Bespoke bed sheets and duvets are considered exquisite from their high thread counts to their exquisite one-off finishes, they are like sleeping under a cloud says FUNKE OSAE-BROWN
Abioye Banire slides into her pyjamas as she prepares to go to bed but first she needs a glass of warm milk for that sound sleep she desires after a very hectic day. She walks down the stair case in her three bedroom duplex to the kitchen. She gulps the milk and returns to bed.
As soon as she lies in bed, she gets wrapped in the warmth of the Norvegr bespoke duvet. She has always been a collector of some kind of the handmade Norwegian eider-duck blankets specially those made to suit a sleeping beauty who loves luxury like her.
Duvets have become an intricate part of bed accessories in most homes. Modern duvets are like sleeping bags usually filled with expensive down or feathers of various quality, or silk, wool, cotton, or artificial fibres such as polyester batting.
Banire says her love for the Norvegr bespoke duvet is based on the fact that it is made of handpicked duck feathers. “I lived in Norway for some years. I was particularly fascinated by the way the duvet was made. I was opportune to visit the Norwegian island of Svalbard.
“There, the down gatherers at duvet makers Norvegr know when it is time to take up their sacks and begin collecting the feathers. The company makes some of the finest duvets in the world, with its most exceptional the eiderdown designs made with down, never feathers, from the Norwegian eider duck.”
According to her, through a painstaking process, the down is handpicked from abandoned nests, with each down gatherer gathering approximately 15-20g of down and one experienced person taking a week to clean a single kilo. There is an annual production of less than 100kg, making it highly prized and some of the most expensive duvets in the world.
Luxurious duvets like these are very highly priced and sought after says Titi Onabanjo, an interior decorator. “Duvets are particularly good for cold weather,” explains Onabanjo. “But in Nigeria people have come to love it especially those who can afford the luxury of an air conditioned room. Duvets often help reduce the complexity of making a bed. This is because it is comes as a single covering instead of the combination of bed sheets, blankets, and quilts or other bed covers. The duvet itself fits into a specially made cover, usually of cotton or a cotton blend.”
In addition to using duvets in bedrooms, the Norvegr brand is popular as a bespoke service specially commissioned for yachts, sleeping bags for dogs and special duvets for children.
Another popular brand of bespoke duvet is the all eiderdown duvets which are handmade. Their prices vary depending on the quantity of down stuffed in them. Each duvet comes with a 10-year guarantee and can be restored thereafter at one third of the current retail price.
In addition, John Lewis’s latest range of duvets which are filled with the light-as-air down of the Altai snow goose is truly luxurious. According to Onabanjo, some of Lewis’ bespoke pieces are made from snow goose feathers. “If you are familiar with Russia’s Altai Mountains,” she explains, “when it is winter, it is usually bitterly cold. That means, the snow goose has to develop lush winter plumage. Therefore, looking at the weight, these duvets offer greater warmth than others.”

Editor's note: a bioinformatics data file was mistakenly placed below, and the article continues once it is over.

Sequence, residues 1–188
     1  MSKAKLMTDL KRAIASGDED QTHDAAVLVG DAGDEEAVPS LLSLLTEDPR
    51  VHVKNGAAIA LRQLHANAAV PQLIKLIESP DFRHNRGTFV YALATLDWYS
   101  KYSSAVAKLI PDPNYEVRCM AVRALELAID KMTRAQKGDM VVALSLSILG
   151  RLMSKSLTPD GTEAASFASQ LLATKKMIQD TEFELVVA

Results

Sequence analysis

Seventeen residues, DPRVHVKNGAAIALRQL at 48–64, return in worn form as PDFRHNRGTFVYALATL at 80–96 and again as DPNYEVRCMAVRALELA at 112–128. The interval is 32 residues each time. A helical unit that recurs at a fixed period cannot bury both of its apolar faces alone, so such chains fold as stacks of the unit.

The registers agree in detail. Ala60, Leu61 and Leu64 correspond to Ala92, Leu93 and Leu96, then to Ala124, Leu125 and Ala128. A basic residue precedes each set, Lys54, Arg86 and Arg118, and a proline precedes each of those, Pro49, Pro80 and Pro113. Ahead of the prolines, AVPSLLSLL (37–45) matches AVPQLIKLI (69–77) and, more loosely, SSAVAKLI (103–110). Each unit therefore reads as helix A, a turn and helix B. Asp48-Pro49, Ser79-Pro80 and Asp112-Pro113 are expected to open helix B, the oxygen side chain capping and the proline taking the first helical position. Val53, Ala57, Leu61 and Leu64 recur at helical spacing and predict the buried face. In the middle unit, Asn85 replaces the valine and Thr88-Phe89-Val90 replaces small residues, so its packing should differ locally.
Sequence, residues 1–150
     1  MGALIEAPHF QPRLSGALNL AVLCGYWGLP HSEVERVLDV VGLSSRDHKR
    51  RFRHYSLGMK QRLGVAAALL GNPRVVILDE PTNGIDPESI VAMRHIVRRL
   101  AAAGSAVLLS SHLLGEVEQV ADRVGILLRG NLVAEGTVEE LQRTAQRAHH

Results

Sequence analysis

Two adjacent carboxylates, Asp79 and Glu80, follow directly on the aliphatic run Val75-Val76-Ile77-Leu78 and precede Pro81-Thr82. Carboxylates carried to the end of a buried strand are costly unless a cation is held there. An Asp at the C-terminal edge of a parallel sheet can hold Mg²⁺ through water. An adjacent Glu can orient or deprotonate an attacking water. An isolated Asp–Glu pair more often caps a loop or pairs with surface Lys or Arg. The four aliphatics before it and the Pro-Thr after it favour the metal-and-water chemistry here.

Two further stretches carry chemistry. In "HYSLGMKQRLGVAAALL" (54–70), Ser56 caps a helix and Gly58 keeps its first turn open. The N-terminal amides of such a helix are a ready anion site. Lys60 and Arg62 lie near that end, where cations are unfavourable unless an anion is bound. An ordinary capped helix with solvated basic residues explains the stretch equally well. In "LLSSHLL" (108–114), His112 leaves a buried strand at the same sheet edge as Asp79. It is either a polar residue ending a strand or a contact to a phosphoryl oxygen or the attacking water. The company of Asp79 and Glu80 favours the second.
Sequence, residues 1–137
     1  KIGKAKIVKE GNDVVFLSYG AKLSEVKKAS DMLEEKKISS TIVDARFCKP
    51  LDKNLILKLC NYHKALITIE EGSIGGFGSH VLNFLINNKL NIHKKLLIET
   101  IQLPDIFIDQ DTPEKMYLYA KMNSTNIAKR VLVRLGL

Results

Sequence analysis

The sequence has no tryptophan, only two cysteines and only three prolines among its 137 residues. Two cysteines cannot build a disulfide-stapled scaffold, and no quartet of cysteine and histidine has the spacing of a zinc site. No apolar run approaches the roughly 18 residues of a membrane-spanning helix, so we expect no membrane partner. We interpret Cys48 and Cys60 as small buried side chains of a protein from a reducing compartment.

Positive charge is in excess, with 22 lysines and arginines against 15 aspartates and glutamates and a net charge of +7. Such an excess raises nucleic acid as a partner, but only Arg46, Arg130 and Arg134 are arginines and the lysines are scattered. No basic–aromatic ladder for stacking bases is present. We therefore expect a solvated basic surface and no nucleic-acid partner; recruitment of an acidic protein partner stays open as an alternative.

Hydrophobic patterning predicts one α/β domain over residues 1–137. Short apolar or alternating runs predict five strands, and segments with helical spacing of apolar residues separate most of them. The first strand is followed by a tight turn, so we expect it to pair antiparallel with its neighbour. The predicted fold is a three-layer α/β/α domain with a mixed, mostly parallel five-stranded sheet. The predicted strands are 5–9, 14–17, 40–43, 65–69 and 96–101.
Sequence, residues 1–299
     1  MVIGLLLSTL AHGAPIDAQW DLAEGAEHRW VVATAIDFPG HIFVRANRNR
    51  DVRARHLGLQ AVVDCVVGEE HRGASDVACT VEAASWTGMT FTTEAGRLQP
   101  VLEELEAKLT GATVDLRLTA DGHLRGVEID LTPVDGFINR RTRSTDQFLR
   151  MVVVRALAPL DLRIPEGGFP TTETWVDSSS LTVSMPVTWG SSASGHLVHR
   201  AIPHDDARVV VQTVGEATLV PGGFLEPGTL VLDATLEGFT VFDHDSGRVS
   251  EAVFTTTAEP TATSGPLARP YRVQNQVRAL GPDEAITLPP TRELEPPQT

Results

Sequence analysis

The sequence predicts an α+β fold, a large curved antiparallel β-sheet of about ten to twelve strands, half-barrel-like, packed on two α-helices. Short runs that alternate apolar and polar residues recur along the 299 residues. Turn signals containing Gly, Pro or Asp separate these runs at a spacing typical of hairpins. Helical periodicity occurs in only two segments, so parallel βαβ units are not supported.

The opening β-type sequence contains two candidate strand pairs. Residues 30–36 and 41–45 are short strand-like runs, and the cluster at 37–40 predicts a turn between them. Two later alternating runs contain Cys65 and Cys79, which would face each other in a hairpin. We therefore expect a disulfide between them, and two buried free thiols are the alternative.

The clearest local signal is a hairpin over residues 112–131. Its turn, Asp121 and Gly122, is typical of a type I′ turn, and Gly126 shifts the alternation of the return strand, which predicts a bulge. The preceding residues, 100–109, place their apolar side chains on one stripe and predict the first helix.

In addition she explains that an Altai duvet with a 10.5 tog rating weighs almost a quarter less than a Siberian goose-down duvet with the same rating. According to her, an all-seasons’ duvet with a 13.5 combination tog is usually expensive.
“However, the difference is like you are sleeping on the cloud because of the kind of comfort it offers. Prices range from N32,000 for a single to N48,600 for the super king.
However, if you are not a big fan of duvets made of snow goose feather you can find a better choice in finest duvets made of Egyptian cotton, woven in Italy, and embroidered in England.
“Bespoke bed sheets and duvets are considered exquisite from their high thread counts to their exquisite, one-off finishes,” says Edith Etim. “They are simply a good investment in sound sleep and your general well-being. It is not so much about how much money you have to show off. It is about you and the guests you invite to your home. These are elegant linens designed that are subtle works of art. They are beautiful statement pieces.”
Etim also says most imported duvets are for the discerning individual who loves class. According to her, it is usually difficult to find luxurious linens for clients. “Often customers complain about locally made duvets that are usually too heavy. Some others complain that available designs are either too plain or too traditional. Hence foreign designers are more contemporary designs.”
Etim explains that the Champalimaud range of bed linens and duvets are inspired by the designers travels. Some of the motifs include the scenery she observed along the way. “Some of Champalimaud pieces can be personalised through a client’s choice of colour and embroidery, as well as by unique dimensions.”
Some of Champalimaud’s designs involves intricate, geometric detailing that are customised using hues of pale grey, taupe, rich burgundy and bright orange amongst others. For those seeking a bolder graphic, the Amalgame and Polymath designs afford a wider, statement swathe of colour. Champalimaud’s Parure and Chyulu designs also include linear, almost architectural patterns.
“Champalimaud is a popular luxury brand. The brand owner has designed bespoke sheets for patrons around the globe, as well as for fine hotels, including The Dorchester, London, and the recently refurbished Hotel Bel Air in Los Angeles. To this end, luxury duvets are sure to be the most beautiful style statement you won’t mind showing off.